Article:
I remember working with one young woman who was offended. She could not understand why she was receiving inappropriate, aggressive e-mails and telephone calls from male friends. She questioned why they would think she appreciated receiving these less-than-polite e-mails and calls. When I visited with the young men, they said they were just joking. Because of the way she had behaved earlier, they thought she would enjoy receiving these edgy messages—messages that sounded like they came from bad TV shows or B movies. Both sides realized that in their behavior toward one another they had crossed over the line of appropriateness and had not followed the counsel of latter-day prophets and the Savior regarding the treatment of others.

Also in April conference, President Hinckley gave counsel in the priesthood session. As he spoke of his concerns about today’s trend toward inappropriate behavior and casual and edgy language, he said:

A filthy mind expresses itself in filthy and profane language. A clean mind expresses itself in language that is positive and uplifting and in deeds that bring happiness to the heart. [Gordon B. Hinckley, “I Am Clean,” Ensign, May 2007, 62]

Just because the idols in today’s world use language and behaviors that are less than civil or appropriate, that is no reason members of the Church should be caught in the web of actions that offend and hurt others. On numerous occasions President Hinckley has counseled members regarding civility in the treatment of others. In his book Standing for Something, he noted that civility is one of those virtues that is often neglected and forgotten by people today as they interact with each other. Sometimes people today have an in-your-face attitude that is destructive and harmful to others. (See Standing for Something [New York: Times Books, 2000], 47–58.)

Once again I turn to my experiences in Primary. Let me repeat the words of a song the children love:

If on occasion you have found
Your language is in question,
Or ugly thoughts come to your mind,
Then here’s a good suggestion.

Just hum your favorite hymn,
Sing out with vigor and vim,
And you will find it clears your mind.
Hum your favorite hymn.

Before you say an angry word,
Remember you’ll regret it,
For once it’s said the harm is done,
And some folks won’t forget it.

Just hum your favorite hymn,
Sing out with vigor and vim,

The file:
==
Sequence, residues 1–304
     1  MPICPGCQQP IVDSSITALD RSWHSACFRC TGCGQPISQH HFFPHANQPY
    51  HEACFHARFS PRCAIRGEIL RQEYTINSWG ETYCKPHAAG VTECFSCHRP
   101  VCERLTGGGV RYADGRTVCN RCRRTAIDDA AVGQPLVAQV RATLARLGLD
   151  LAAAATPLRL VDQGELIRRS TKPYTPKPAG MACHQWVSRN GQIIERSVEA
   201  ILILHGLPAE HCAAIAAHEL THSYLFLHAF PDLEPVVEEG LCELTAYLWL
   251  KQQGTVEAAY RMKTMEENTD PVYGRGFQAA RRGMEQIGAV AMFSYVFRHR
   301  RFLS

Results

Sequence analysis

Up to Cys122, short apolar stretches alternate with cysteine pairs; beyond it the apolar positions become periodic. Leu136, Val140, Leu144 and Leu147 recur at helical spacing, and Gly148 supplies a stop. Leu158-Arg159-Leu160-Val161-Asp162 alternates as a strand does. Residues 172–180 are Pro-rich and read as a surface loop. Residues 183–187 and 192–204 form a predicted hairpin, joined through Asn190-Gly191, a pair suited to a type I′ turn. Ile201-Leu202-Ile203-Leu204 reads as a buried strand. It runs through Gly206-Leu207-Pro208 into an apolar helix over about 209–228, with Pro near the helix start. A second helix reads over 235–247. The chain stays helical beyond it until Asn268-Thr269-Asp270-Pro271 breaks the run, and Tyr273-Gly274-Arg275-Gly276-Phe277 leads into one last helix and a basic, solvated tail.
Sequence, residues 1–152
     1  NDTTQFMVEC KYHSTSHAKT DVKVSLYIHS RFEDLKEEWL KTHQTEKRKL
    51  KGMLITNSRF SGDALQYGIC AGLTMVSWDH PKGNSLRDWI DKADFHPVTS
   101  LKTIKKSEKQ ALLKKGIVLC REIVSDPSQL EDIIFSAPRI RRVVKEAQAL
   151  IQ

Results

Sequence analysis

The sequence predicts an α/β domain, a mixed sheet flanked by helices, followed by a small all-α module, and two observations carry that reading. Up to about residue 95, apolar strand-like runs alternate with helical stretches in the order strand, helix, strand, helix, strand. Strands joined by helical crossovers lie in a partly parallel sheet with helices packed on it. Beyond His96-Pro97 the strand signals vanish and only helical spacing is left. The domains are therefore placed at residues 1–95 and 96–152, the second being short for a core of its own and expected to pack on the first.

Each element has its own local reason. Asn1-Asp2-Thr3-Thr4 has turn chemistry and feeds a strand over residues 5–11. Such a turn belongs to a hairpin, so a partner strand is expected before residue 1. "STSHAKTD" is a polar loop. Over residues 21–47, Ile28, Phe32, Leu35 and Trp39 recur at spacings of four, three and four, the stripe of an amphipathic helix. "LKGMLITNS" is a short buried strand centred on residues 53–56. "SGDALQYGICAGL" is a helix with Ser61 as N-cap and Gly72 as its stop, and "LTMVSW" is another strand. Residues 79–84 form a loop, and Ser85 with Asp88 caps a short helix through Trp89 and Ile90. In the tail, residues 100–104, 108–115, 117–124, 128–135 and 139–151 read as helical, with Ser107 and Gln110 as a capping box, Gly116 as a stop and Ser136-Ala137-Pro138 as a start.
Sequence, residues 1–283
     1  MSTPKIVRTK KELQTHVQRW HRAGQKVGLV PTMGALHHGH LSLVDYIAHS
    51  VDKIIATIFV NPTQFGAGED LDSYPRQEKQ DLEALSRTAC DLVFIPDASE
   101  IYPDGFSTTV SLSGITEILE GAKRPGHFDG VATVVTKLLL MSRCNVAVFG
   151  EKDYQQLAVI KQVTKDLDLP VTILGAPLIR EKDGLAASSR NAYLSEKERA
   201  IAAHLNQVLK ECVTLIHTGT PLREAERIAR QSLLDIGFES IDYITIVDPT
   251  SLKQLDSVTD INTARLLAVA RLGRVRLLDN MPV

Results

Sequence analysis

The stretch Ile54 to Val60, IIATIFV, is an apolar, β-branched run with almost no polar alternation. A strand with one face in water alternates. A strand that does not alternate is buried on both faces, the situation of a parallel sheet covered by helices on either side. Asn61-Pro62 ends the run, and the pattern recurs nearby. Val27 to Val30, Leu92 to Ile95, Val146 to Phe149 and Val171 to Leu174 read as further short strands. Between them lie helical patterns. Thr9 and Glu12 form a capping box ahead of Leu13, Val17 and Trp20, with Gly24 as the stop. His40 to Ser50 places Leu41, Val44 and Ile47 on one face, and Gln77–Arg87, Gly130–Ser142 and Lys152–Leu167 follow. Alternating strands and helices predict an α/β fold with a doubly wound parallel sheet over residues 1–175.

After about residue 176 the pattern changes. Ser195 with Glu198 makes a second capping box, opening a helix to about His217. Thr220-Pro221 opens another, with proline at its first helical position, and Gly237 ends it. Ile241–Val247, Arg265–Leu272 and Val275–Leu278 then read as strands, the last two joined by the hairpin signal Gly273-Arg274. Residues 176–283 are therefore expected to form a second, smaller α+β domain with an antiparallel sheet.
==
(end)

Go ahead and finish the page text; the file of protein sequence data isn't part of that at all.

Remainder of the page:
And you will find it clears your mind.
Hum your favorite hymn.
[“Hum Your Favorite Hymn,” Songbook, 152]

As you continue your life’s journey, I would encourage you to choose good mentors and strong examples to help you develop those Christlike characteristics that the scriptures and latter-day prophets have been so persistent in telling each of us to be mindful always of how we treat others and how we represent the Savior.

I will share one final story on the treatment of others who appear to be different. Recently, over the Internet, I received a picture story called “The Hippopotamus and the Tortoise.” This true story happened in Kenya, where storms and tsunami waves had hit the coastal region. A baby hippo had survived the waves and storms but had lost his mother. After the storm the baby hippo, nicknamed Owen, bonded with a century-old tortoise at an animal rescue facility. This tortoise was a giant land turtle, and Owen weighed about 650 pounds. The turtle replaced Owen’s mother. They swam together, ate together, and slept together. They have bonded and now accept each other totally. Their differences are forgotten. The e-mail story ended this way: “This is a real story that shows that our differences don’t matter much when we need the comfort of another.” (See Isabella Hatkoff, Craig Hatkoff, and Paula Kahumbu, Owen and Mzee: The True Story of a Remarkable Friendship [New York: Scholastic Press, 2006].)

This brings us back to the scripture from Jacob. I will paraphrase what it says: We come to learn the good word of God in a good environment and to be comforted by those around us (see Jacob 2:8). Just like Owen, we want and need a friend, a mentor, an example—someone to help us and to love us. Hopefully we won’t have to suffer a tsunami to learn how much we depend upon each other, how we should treat each other, and how we use and benefit from BYU’s human resources.

As I close my remarks today, it is my prayer that each one of us will remember that individually and collectively we are children of our Heavenly Father. We are His human resources. He loves us. He expects us to accept the responsibilities that come with being brothers and sisters in the gospel. BYU is a special place. It is a place where men and women can join together in an atmosphere permeated by the gospel, but it is also a place where strong secular knowledge can be gained.

I appreciate this opportunity to talk about BYU’s human resources—about you and me and our friends, roommates, and coworkers. We are truly blessed. In following the teachings of our Savior and staying true to gospel standards, we can stand as witnesses of our Heavenly Father and we can give comfort to those around us while we are learning the pleasing word of God. In the name of Jesus Christ, amen.

© Brigham Young University. All rights reserved.

Delora Bertelsen

Delora Bertelsen was managing director of Employee Relations, Equal Opportunity, and Benefit Services at BYU when this devotional address was given on 26 June 2007.